The value of medical-grade refrigeration equipment in clinical settings is well documented with vital applicability in the laboratory, blood bank, and pharmacy, among others. Devices engineered specifically for storing and maintaining blood products, reagents, and patient samples can have a significantly positive impact on operations by ensuring the conditions necessary for viability remain intact at all times. Further, as these devices have grown in sophistication, they have incorporated data producing software and multifaceted alarming systems.
All of these developments are valuable to laboratory, blood bank, and facility operations, given the many challenges to the efficient and expeditious provision of life-saving refrigerated products (markedly, blood products) in the hospital setting.
Analyze Your Process for Inefficiencies
Facilities of all sizes have unique layouts that may not be conducive to fast and efficient transport of materials, particularly emergency materials. The emergency department may be located floors, buildings, or even city blocks away from the blood bank or other materials storage sites. While mature delivery processes may be in place to requisition, acquire, and return blood products for the ED, they are inherently slow in terms of emergency time, and thus, are susceptible to workarounds and waste.
As with most data driven process improvement initiatives, it is helpful to precisely define the current processes, for example, for providing emergent release group O red blood cells to the ED; that is, create a bulleted list of actions and a map indicating possible obstacles. Determine the average time required from order entry to delivery and the rate at which blood products are being ordered and then either cancelled during delivery or left unused. While properly stored and monitored blood products can be returned to the blood bank and reutilized, the process involves a waste of staff time, at the very least. If the product is also compromised and must be wasted, then the cost is much greater.
The latter scenario tends to be the result of a common workaround wherein an ED clinician orders blood in advance of an emergency patient actually arriving in the facility in order for the product to be readily available. The obvious drawback to this process is the condition changes that can take place in the interim. Given the number of variables involved, waste is all too often a by-product.
Determine the Best Course of Action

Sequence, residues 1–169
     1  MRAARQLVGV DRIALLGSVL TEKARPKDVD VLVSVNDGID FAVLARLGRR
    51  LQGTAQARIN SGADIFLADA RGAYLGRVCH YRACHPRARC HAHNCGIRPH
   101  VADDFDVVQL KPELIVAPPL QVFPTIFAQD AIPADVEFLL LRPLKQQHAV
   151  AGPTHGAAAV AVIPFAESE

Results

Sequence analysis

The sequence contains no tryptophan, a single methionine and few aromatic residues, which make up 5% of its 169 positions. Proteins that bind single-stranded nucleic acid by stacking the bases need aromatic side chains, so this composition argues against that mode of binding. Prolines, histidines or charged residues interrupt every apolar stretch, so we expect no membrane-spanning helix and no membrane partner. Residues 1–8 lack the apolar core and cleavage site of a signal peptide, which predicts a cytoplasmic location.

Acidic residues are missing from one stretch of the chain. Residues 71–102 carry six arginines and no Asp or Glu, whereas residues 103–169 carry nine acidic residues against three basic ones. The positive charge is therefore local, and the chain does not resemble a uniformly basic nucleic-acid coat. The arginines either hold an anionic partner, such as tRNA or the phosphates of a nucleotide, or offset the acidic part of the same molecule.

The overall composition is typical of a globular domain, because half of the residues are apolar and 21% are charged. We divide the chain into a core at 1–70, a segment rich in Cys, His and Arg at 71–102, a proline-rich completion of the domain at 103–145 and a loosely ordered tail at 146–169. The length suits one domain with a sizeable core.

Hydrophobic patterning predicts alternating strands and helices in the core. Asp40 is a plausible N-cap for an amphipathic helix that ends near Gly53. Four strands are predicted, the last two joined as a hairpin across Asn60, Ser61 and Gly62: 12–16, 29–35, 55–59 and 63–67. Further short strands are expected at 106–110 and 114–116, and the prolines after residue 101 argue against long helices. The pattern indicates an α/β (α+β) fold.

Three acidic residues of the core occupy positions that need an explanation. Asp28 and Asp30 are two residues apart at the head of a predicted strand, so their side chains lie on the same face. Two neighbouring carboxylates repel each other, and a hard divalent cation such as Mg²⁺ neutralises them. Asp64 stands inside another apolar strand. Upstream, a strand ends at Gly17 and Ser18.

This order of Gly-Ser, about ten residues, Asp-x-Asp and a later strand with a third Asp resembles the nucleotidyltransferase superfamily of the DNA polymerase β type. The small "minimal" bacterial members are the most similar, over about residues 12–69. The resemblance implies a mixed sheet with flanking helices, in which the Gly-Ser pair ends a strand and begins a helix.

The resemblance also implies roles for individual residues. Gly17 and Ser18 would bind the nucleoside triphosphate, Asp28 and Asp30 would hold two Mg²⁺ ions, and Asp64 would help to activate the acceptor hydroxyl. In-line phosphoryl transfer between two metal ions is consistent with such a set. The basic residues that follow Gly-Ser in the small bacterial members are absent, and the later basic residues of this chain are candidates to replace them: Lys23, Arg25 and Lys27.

There are numerous products on the market that enable safe transport of blood products from medical-grade refrigeration devices to clinical settings far and wide. Depending on the distance and time between storage and clinical-use settings, maintaining a robust courier and transportation process may be the best-case scenario.
However, another option may be to bring refrigeration to the ED setting. Medical-grade refrigeration is available in several sizes, including small, undercounter cabinets intended for cramped or busy areas. Acquiring and installing a small refrigerator specifically for emergent release blood storage in the ED is a start, but in order to be safe, effective, and compliant, its use and management must be well controlled and documented.
Take Advantage of Existing Systems
Clearly, blood products must be as safely and securely stored in any environment as they are in the blood bank. This requires controlled access and product traceability. Fortunately, the lab and blood bank may be able to take advantage of existing asset tracking systems the facility has in place for other clinical departments, such as pharmacy. Similarly, commercial and homegrown options are available to monitor and provide refrigerator access.
Given the invaluable nature of blood products in the clinical setting, every available measure should be taken to ensure products are properly stored, accessed, used, and accounted for. A detailed policy and procedure should outline the functionality of the ED refrigerator, its intended use, who is allowed access it, how products should be accounted for, how the unit should be cleaned and maintained, and how products should cycle through it.
Exercising control over the storage and utilization of blood products is a primary function of the clinical blood bank, but that control does not need to be confined within the walls of the blood bank. As with any process, determine the course of action that best fits your facility and workflow. Blood bank transportation and courier systems can work perfectly well, but placing medical-grade refrigeration within the emergency department may reap significant time, product, and financial savings.
David McCormick is managing editor of MedicalLab Management.
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